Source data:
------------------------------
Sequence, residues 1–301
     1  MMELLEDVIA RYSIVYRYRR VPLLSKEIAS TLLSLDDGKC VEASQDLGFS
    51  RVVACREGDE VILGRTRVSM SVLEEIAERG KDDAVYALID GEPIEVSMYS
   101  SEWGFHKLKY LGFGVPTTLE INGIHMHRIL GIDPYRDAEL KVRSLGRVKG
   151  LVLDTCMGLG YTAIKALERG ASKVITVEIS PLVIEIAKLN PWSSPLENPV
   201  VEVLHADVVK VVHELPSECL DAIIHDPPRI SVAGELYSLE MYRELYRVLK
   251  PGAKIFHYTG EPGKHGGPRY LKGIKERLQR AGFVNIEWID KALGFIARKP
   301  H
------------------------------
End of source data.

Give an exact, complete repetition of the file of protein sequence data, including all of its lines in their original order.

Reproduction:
Sequence, residues 1–301
     1  MMELLEDVIA RYSIVYRYRR VPLLSKEIAS TLLSLDDGKC VEASQDLGFS
    51  RVVACREGDE VILGRTRVSM SVLEEIAERG KDDAVYALID GEPIEVSMYS
   101  SEWGFHKLKY LGFGVPTTLE INGIHMHRIL GIDPYRDAEL KVRSLGRVKG
   151  LVLDTCMGLG YTAIKALERG ASKVITVEIS PLVIEIAKLN PWSSPLENPV
   201  VEVLHADVVK VVHELPSECL DAIIHDPPRI SVAGELYSLE MYRELYRVLK
   251  PGAKIFHYTG EPGKHGGPRY LKGIKERLQR AGFVNIEWID KALGFIARKP
   301  H